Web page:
Basic principles of sound business dictate that properly maintaining the assets of an organization and managing the risks associated with those assets are vital to being successful. Human capital, likely an organization’s largest asset, adds layers of complexity to those tasks that cannot be ignored.
Putting aside the philosophical discussion, ensuring a legally compliant, as well as an engaged workforce, otherwise known as a “respectful workplace,” just makes good business sense. Missteps can be devastating to the overall productivity of the business, to its reputation in the market, and certainly to the bottom line.
Compliance is Mandatory, Awareness Is Lacking
For more than a decade, the courts and government enforcement agencies have sent strong messages that employers can no longer turn a blind eye to unlawful harassment. For the most part, employers have listened. However, it isn’t as easy as instituting a policy and maybe even offering some training. Subtle harassment and certainly unintentional harassing behavior can be as devastating as the extreme blatant scenarios in movie plots. Raising the awareness is essential:
- it is the effect, not the intent, that matters
- countless factors can influence how comments and behaviors are received
- unintentional behaviors can have a crippling effect on the work environment
- trust between employees and management is key to preventing issues from escalating
- the financial impact associated with violations include not only fines, verdicts and legal fees, but also lost productivity, diminished marketplace reputation, increased absenteeism, turnover, talent acquisition challenges and more.
A respectful workplace doesn’t mean you can’t have a “normal” conversation with colleagues. It means thinking before you speak and act and recognizing that your lens and that of a co-worker are sometimes different. Being aware is vital.
Today’s School-Age Bully is Tomorrow’s Employment Problem
Respect in the workplace is not just about preventing illegal discriminatory conduct. There are many factors that can make a work environment intolerable, but none more potentially explosive than an abusive or even violent employee.
Policies and procedures cannot cover all possible scenarios or interactions in the workplace. It is the corporate culture, embraced and promoted by management, which provides the most effective guidance on acceptable behavior. If humiliation, intimidation, degradation, gossip, stealing credit, scapegoating and plain old hostility are even passively tolerated, the most well-written employee handbook or the most engaging training program in the world will not create a respectful workplace.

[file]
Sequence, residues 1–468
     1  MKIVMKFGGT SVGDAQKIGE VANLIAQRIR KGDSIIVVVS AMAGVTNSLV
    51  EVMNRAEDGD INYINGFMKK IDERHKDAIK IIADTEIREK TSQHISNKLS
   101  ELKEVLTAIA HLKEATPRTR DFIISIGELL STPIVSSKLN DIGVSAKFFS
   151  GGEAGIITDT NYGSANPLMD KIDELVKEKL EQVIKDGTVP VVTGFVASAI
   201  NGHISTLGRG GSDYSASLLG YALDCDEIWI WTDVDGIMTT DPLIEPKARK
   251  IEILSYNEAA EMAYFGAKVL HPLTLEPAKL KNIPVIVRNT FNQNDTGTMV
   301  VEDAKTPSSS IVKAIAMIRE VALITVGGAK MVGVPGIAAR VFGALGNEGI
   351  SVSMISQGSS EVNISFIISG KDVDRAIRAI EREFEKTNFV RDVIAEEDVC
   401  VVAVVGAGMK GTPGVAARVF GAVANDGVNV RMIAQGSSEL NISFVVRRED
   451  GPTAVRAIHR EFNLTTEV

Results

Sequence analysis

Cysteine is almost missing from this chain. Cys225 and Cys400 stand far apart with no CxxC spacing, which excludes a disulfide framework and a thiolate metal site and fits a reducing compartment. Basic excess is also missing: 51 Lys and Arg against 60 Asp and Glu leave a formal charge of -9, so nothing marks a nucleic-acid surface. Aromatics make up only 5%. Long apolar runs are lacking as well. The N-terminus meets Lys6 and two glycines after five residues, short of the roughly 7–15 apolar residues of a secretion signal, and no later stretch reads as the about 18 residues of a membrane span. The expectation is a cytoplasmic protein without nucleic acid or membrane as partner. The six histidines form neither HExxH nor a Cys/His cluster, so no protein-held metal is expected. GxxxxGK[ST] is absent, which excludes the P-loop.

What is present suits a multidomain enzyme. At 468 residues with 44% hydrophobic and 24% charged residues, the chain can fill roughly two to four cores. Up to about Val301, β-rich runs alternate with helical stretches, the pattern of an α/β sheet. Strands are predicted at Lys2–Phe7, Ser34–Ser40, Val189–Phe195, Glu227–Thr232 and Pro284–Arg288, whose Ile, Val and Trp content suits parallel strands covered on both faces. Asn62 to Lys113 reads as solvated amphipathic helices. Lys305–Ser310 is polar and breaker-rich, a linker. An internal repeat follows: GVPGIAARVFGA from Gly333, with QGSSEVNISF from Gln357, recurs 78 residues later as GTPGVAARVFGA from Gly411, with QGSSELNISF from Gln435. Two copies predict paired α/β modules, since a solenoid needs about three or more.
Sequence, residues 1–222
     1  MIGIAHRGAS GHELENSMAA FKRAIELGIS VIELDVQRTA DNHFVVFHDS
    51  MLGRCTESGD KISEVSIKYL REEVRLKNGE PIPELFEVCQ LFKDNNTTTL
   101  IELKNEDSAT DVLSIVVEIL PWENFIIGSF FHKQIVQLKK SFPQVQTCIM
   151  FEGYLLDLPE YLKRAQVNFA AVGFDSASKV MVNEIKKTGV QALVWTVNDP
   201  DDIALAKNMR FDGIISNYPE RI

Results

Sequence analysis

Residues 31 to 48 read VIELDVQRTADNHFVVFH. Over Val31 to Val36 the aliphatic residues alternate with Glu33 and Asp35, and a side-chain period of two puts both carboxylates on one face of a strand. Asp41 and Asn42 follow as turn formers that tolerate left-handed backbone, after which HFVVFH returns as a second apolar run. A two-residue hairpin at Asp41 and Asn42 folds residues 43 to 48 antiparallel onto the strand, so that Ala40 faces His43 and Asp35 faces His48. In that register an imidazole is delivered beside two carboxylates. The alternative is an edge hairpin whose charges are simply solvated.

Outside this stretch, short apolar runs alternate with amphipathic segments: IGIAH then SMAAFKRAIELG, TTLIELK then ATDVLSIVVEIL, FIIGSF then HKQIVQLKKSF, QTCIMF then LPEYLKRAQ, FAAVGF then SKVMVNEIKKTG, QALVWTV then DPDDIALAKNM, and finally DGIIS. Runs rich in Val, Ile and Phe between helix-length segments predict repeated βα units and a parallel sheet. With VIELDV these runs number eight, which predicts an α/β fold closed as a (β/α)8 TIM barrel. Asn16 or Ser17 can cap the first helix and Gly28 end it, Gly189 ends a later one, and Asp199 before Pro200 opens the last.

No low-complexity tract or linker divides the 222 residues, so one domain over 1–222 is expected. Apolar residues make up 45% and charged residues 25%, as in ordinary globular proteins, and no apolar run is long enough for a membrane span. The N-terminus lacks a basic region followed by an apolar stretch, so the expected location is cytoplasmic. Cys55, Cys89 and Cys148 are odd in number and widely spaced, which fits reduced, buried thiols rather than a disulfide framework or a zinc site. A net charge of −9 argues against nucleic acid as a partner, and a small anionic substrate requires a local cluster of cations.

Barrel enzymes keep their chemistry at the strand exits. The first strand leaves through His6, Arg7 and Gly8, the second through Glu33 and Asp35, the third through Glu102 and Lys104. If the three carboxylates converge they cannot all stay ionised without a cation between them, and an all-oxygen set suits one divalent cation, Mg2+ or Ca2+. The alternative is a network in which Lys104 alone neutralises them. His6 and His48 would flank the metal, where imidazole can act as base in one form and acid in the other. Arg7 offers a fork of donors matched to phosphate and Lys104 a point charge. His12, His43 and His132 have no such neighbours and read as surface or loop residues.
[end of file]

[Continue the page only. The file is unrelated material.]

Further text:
Whether in the playground or the conference room, a bully knows how to deflect and manipulate. Managers who don’t have the trust of employees and who are not actively aware of what is happening, will empower a bully to wreak havoc. Managers who themselves engage in bullying are directly destroying productivity and profits.
A respectful workplace doesn’t mean tolerating incompetence, lack of productivity or poor performance. In fact, the opposite is true. Respect in the workplace means defining and communicating expectations, ensuring employees have the tools to accomplish goals and holding everyone accountable – but in a manner that focuses on the work, not demeaning the individual.
The Consequences Are Real
Employers often ignore the extent of the damage a disrespectful situation can cause. In terms of real dollars, employers should be reminded that on February 29, 2012 a California jury awarded what is believed to be the largest employment related verdict ever – almost $168 million. Despite numerous complaints, a Sacramento Hospital failed to take corrective action against harassing behavior aimed at a physician’s assistant and instead fired her allegedly “for cause.” Consistent testimony from the plaintiff, co-workers and former employees persuaded the jury to believe that a pervasive hostile work environment existed. The jury awarded a staggering $42.7 million dollars in lost wages and mental anguish. In addition, due to what the jury perceived to be blatant disregard for the severity of the situation by management, punitive damages were also awarded in the amount of $125 million.
In addition to the financial consequences stemming from legal troubles, the impact of a disrespectful workplace has other costly implications. According to recent Gallup estimates, disengaged employees in the US result in more than $300 billion in lost productivity annually. Department of Labor statistics confirm that the average cost of turnover is 30% of annual salary.
A respectful workplace means recognizing the actual bottom-line impact each employee has on the overall performance of the business.
Enhance Your Human Capital ROI
Creating a respectful workplace doesn’t happen by chance. Like any other important business asset, enhancing the ROI of Human Capital requires effort and ongoing investment:
- Educate managers and employees at all levels about the implications of disrespect in the workplace
- Create opportunities for leadership to demonstrate that a culture of respect is not optional
- Insist on accountability and consequences for inappropriate behavior
- Incorporate engagement strategies at all levels of the organization
Properly managing Human Capital is a key component of any successful business plan. Establishing and maintaining a respectful workplace is an essential part of the strategy.
(This article was written by Eileen Clark, a HR Consulting Practice Leader for Career Concepts, Inc., a Career Partners International firm.)